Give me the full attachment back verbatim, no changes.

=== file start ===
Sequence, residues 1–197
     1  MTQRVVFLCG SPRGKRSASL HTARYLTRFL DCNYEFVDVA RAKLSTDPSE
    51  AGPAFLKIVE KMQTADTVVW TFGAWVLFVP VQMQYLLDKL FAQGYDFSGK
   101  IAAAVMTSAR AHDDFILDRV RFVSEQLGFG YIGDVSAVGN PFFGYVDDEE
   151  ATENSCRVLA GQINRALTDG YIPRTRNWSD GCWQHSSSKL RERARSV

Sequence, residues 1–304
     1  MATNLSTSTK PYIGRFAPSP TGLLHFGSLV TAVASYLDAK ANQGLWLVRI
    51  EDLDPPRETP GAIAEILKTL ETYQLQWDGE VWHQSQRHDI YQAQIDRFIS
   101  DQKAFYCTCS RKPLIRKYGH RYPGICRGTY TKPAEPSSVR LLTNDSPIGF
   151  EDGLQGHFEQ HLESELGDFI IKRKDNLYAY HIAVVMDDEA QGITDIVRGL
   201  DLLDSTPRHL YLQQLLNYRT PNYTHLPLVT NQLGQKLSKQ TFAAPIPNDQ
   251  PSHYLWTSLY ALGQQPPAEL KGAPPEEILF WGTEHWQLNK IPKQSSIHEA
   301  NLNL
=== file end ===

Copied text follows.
Sequence, residues 1–197
     1  MTQRVVFLCG SPRGKRSASL HTARYLTRFL DCNYEFVDVA RAKLSTDPSE
    51  AGPAFLKIVE KMQTADTVVW TFGAWVLFVP VQMQYLLDKL FAQGYDFSGK
   101  IAAAVMTSAR AHDDFILDRV RFVSEQLGFG YIGDVSAVGN PFFGYVDDEE
   151  ATENSCRVLA GQINRALTDG YIPRTRNWSD GCWQHSSSKL RERARSV

Sequence, residues 1–304
     1  MATNLSTSTK PYIGRFAPSP TGLLHFGSLV TAVASYLDAK ANQGLWLVRI
    51  EDLDPPRETP GAIAEILKTL ETYQLQWDGE VWHQSQRHDI YQAQIDRFIS
   101  DQKAFYCTCS RKPLIRKYGH RYPGICRGTY TKPAEPSSVR LLTNDSPIGF
   151  EDGLQGHFEQ HLESELGDFI IKRKDNLYAY HIAVVMDDEA QGITDIVRGL
   201  DLLDSTPRHL YLQQLLNYRT PNYTHLPLVT NQLGQKLSKQ TFAAPIPNDQ
   251  PSHYLWTSLY ALGQQPPAEL KGAPPEEILF WGTEHWQLNK IPKQSSIHEA
   301  NLNL